Day, a Republican, defeated Democrat David Fried for the seat, which had been held by C. Scott Vanderhoef for 20 years.
This week, parent David Curry from Spring Valley filed an official complaint with the New York State Department of Education about the canceled programs.
In its first analysis of County Executive Ed Mangano’s 2014 budget, the Nassau Interim Finance Authority, or NIFA, is projecting a $122 million budget deficit next year in Nassau County with larger than projected deficits through 2017.
Mental health providers said they won’t be able to sustain any more funding cuts and some may be forced to stop providing critical services to those most vulnerable.
The governor’s office has previously ruled out tax hikes as a way to raise revenue. Clinic psychologist Dr. Philip Guzman worried some of the cuts may come from programs that offer help to those with mental health and developmental problems.
Comptroller Kevin Lembo now puts the shortfall at $415 million due to lower than expected revenues and overspending in Medicaid and social services. A spokesman said Gov. Dannel Malloy disagrees with the comptroller’s deficit projection, saying it is about 12 percent too high.
He’s vowing not to raise property taxes in the current political climate, but with sales taxes down, and revenues from red light cameras down, Nassau County Executive Ed Mangano still faces a staggering budget deficit.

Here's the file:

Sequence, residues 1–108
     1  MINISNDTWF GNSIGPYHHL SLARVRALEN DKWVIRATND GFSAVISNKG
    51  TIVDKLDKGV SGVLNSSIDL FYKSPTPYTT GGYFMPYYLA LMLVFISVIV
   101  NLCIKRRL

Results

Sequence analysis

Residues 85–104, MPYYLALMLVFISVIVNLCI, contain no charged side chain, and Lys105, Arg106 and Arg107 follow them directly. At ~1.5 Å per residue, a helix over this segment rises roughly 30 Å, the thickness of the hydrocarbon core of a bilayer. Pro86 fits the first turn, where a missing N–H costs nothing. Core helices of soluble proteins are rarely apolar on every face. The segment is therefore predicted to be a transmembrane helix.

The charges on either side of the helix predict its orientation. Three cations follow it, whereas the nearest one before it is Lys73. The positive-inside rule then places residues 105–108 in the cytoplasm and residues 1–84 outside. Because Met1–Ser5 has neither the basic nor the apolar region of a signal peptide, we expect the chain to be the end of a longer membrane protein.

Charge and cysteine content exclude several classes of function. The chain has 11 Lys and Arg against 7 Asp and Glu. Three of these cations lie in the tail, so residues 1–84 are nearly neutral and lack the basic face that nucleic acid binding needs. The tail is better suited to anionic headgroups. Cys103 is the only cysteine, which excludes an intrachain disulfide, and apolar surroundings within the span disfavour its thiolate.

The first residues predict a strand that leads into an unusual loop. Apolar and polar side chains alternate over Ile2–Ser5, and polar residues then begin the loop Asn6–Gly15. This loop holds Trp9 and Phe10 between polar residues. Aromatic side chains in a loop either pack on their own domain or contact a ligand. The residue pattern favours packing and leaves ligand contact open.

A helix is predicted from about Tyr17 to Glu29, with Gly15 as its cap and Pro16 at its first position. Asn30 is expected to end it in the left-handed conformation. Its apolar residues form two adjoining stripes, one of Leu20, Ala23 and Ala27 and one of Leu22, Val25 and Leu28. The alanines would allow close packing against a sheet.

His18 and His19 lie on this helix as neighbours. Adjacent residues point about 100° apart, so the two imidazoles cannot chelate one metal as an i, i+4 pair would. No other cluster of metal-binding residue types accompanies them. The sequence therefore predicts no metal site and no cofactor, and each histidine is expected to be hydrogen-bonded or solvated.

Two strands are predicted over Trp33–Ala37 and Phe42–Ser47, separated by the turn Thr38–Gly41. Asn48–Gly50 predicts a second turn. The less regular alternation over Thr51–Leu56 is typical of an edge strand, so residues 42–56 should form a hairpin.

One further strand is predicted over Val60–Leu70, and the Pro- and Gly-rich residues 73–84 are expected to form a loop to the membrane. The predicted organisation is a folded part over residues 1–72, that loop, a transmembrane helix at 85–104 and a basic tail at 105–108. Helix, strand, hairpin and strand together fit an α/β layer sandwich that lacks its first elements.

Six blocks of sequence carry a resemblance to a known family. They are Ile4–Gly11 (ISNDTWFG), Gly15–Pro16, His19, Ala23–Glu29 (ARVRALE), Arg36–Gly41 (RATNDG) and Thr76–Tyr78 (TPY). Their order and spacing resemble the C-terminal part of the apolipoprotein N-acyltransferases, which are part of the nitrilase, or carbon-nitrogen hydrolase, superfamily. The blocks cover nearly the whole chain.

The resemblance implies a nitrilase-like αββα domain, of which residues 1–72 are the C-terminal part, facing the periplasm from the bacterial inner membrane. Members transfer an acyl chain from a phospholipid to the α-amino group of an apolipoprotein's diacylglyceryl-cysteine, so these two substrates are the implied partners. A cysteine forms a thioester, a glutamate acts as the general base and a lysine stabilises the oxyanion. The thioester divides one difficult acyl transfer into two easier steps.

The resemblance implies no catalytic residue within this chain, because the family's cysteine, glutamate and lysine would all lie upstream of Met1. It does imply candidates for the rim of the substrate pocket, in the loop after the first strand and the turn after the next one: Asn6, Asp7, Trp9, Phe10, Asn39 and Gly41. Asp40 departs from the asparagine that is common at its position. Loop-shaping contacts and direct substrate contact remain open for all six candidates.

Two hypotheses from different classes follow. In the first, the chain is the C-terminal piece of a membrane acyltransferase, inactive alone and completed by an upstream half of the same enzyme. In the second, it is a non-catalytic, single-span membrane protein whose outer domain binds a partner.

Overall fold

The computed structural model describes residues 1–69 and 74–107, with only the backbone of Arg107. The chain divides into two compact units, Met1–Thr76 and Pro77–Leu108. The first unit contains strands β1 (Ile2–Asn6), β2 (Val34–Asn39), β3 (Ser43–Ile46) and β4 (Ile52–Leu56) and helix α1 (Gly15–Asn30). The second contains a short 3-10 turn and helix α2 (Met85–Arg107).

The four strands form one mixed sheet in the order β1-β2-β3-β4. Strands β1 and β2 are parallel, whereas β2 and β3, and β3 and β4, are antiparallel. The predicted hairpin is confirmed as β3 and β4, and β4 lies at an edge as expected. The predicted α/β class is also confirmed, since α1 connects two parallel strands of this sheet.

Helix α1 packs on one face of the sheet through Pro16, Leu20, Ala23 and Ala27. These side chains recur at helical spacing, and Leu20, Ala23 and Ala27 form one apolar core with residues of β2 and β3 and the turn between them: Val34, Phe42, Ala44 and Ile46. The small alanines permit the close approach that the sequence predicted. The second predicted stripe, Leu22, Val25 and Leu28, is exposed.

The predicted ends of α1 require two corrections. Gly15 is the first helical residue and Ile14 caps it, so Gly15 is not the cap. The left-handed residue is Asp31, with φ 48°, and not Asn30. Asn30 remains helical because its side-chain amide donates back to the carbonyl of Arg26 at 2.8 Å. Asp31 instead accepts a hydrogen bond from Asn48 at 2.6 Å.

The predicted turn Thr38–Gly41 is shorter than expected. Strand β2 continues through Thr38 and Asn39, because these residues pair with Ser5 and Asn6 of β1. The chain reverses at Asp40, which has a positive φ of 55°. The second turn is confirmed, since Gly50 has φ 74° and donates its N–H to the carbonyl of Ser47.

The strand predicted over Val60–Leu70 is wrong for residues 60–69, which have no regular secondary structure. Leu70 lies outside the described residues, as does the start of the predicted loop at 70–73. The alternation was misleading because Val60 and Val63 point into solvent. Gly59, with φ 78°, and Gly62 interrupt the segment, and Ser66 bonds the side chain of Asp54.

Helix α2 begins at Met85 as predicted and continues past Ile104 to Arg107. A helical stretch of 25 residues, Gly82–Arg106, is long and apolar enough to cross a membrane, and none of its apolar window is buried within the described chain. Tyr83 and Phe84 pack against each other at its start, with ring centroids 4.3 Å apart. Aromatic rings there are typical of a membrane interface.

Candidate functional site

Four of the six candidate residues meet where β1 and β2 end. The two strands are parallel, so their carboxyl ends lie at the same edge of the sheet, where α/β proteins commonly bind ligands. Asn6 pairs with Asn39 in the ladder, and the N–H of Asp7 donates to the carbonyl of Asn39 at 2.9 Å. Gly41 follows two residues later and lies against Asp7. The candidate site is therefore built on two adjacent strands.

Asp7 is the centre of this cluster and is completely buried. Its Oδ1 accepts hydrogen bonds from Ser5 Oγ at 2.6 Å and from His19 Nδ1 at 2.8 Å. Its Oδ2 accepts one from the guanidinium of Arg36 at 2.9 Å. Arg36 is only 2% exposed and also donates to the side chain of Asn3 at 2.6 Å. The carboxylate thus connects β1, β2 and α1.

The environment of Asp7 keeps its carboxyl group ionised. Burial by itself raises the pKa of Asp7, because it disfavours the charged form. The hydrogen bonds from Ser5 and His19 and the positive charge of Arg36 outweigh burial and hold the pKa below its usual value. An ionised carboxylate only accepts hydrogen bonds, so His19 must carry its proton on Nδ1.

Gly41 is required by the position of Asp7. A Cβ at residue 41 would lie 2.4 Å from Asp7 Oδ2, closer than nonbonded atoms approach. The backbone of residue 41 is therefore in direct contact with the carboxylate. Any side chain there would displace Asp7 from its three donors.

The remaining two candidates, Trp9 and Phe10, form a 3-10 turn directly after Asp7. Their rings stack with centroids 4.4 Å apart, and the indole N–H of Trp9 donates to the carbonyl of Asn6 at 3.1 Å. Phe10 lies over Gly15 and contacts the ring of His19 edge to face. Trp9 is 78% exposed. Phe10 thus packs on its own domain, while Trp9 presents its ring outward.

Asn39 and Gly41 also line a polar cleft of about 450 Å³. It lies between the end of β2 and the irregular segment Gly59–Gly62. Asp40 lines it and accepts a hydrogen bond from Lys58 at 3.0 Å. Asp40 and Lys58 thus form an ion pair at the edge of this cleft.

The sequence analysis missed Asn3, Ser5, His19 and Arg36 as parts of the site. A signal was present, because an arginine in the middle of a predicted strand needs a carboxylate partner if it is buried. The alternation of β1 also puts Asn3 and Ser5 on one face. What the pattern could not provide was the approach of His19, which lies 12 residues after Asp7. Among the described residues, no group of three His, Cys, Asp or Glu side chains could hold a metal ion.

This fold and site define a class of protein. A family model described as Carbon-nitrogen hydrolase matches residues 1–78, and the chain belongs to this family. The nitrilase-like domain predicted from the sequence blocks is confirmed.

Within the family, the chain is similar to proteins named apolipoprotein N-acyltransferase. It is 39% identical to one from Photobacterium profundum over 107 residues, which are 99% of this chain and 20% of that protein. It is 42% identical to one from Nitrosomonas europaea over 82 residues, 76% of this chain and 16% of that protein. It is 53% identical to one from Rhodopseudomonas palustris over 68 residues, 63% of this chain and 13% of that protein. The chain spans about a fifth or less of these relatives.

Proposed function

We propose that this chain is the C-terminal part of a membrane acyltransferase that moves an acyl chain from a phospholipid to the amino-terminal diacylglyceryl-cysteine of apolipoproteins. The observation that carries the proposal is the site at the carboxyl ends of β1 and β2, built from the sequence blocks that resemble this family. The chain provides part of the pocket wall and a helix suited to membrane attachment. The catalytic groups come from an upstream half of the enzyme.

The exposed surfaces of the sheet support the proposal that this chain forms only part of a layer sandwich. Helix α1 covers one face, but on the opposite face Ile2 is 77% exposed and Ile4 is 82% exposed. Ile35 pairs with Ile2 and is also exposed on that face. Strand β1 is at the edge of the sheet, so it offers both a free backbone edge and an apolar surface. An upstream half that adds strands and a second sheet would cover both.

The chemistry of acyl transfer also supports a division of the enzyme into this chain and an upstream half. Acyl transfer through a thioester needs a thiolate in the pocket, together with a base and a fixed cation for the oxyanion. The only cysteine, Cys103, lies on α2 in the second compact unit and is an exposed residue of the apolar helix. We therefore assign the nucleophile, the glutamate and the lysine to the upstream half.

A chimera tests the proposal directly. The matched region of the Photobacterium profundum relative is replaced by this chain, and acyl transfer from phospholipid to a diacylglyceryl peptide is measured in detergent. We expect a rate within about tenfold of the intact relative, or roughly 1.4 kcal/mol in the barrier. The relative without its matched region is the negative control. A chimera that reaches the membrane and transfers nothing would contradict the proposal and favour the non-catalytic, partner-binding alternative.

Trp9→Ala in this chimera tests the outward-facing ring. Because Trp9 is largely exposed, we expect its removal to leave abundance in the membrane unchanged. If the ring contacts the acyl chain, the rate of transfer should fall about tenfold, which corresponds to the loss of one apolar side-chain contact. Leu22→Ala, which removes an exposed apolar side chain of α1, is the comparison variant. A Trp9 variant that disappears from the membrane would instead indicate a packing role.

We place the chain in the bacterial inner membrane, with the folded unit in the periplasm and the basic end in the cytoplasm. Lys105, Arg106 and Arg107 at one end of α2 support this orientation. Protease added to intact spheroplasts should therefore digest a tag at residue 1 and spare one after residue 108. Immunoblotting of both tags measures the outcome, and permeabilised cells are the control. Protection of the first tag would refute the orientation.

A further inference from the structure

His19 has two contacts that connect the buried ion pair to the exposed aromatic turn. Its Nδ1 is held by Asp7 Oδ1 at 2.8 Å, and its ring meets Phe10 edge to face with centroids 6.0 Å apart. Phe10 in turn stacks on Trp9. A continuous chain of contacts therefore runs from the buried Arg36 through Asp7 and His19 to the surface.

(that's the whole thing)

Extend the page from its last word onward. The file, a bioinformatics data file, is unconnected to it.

The budget task force has determined the town is facing a financial crisis caused by years of “fiscal mismanagement and wasteful spending.”
Originally the plan called for 464 layoffs but County Executive Steve Bellone had revised the list to reduce the number of those being let go while reaping the same savings.
County Executive Steve Bellone has said the books for 2011 are likely to close with a $33 million deficit. The 2012 budget gap estimate is $148 million and grows to $349 million in 2013.
The county estimates that with the additional red light cameras and by processing its own traffic violations they could make some $20 million annually.
In New York’s fourth largest city, the budget crisis is so severe that there has been talk of a state takeover. Rescue talks in Yonkers are going down to the wire.
Major layoffs are looming in New York’s fourth largest city. Yonkers is facing yet another budget crisis, with schools enduring much of the pain.
In a picture hanging in New York Gov. Andrew Cuomo’s inner office, Cuomo is a young housing secretary at a Democratic dinner dais where his father, then-Gov. Mario Cuomo, was to introduce Bill Clinton, the president and Andrew’s boss at the time.
Mayor Michael Bloomberg says the new state budget unfairly singles out the city and makes it impossible to prevent layoff and cuts in services.